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Ability Therapy Specialists Pty Ltd

Individuals, Couples, Families, Children ~ NDIS Registered Provider of Behaviour Support, Counselling Therapies with Creative Arts, Rehabilitation, Employment Job Readiness, Paediatric Early Childhood Intervention ~ Serving Armidale, New England, NSW, Australia and Online

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NDIS

Restrictive Practices Update in Light of NDIA Commission Developments

The NDIS Commission launched 1 July 2018 with new standards for behaviour support. In NSW we have entered into a joint agreement that fits our standards within the umbrella determined by the Commission. This means a few changes to NSW Policy and Practice. To read more and learn about the changes, click on the links.

These vital and important developments are not without their growth pains. However we need to keep a view to the big picture – that emerging requirements will aim towards eventually strengthening the review of restrictive practices. This is important for individual’s rights to adequate treatment under legal, ethical, and professional standards. The hope is that legal, ethical, and professional standards will be upheld among some of Australia’s most vulnerable population.

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Australian standards for Restrictive Practices is vital towards protection of the human rights of people with disabilities.

On the ground people who come forward for behaviour support reviews are somewhat surprised by the administrative burdens of 1. setting up a service generally under the NDIS and 2. processing issues around cases with restrictive practices.

After 1 July 2018 in many cases existing funding allocations may not be adequate to address the complexities of NDIS Commission requirements. This means that participants may face NDIS Plan reviews that can often take a great deal of time, leading to delays in situations where risks tend to be high.

Lengthy NDIS template forms for behaviour support and equally extensive NSW authorisation processes go in tandem with behaviour support reviews by practitioners. It appears that NDIS requirements may easily double if not triple the time it once took to provide clinical reviews, in large part due to compliance measures for data collection by the Commission.

While the new requirements may lead towards greater compliance and standardisation of services across the sector, there are always inherent risks when a government department takes oversight of clinical and professional roles. Whether discussing the historical track record in the UK or in other countries, in relation to Australian core disability service standards we are next in line for major adjustments and growth pains across the disability sector.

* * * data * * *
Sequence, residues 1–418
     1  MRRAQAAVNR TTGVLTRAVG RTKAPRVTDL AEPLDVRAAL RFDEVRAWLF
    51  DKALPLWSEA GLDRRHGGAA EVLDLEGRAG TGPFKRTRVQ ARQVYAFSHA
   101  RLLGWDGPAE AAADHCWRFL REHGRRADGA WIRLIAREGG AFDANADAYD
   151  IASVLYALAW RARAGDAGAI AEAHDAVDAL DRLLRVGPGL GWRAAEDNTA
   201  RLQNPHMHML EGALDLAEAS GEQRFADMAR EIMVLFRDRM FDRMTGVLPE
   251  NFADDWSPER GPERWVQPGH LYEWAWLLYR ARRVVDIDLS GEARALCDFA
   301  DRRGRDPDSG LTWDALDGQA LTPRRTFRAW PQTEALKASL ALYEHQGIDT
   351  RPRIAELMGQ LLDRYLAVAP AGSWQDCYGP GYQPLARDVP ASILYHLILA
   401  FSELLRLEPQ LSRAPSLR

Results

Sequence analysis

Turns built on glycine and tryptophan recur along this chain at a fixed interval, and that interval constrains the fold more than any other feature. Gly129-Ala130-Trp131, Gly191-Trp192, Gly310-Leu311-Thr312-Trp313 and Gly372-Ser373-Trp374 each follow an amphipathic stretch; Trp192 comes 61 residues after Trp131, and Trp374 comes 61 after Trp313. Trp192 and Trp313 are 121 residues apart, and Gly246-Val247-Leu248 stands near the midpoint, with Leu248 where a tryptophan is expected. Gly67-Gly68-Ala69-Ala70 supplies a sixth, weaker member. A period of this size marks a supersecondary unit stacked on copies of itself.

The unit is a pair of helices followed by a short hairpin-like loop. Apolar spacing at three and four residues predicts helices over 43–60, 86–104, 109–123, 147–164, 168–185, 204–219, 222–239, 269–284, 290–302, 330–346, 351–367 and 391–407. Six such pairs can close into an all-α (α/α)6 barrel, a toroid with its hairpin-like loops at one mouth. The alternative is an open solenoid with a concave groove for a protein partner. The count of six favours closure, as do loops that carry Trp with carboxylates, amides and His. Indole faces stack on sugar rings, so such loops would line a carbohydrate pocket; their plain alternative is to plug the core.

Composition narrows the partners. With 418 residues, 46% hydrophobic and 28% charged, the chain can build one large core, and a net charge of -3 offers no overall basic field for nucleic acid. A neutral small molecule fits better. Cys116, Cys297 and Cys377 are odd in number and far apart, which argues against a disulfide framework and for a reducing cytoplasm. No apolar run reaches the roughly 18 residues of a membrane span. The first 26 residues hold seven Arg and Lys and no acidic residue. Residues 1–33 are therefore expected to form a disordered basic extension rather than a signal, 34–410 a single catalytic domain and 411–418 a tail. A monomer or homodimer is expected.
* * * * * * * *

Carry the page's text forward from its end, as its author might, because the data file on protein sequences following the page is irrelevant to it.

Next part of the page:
Implementing providers such as those managing day programs or home based supports are required to undertake NSW state level restrictive practice authorisation reviews. This process requests a great deal of information and forms, and in some cases appears to double up what is required by the Commission. The time it takes to process information appears so far to be without funding allocated for these complex mandatory requirements. It is unclear how vulnerable people with disabilities will fair in the midst of these contradictory set of circumstances. But like all things NDIS, there are positives and negatives as the Scheme rolls out across the country.

In the bigger picture, the NDIS Commission is charged with a large and important undertaking, and as things roll along the goals of monitoring and safeguarding will invariably be shared with the states. The proposed role of NSW for example is quite vital for the purposes of reviewing restrictive practices, how they are managed, and in what ways they can be reduced or eliminated over time. External senior clinical review appears to part of the NSW proposed authorisation model, which makes absolute sense. The state is taking on the burden of cost for maintaining a list of qualified external reviewers who will sit on review panels alongside the organisations presenting the restrictive practices review request.

Even though the NDIS has been trundling along for a few years already, and the safety net that once existed for people with disabilities has vastly expanded to include many more people within funded supports, the NDIS Commission role for people with more profound disabilities and behaviours of concern who require restrictive practices review is extremely necessary and entirely reasonable. How they go about this vital task is another matter, which Australians may not entirely comprehend for some time to come.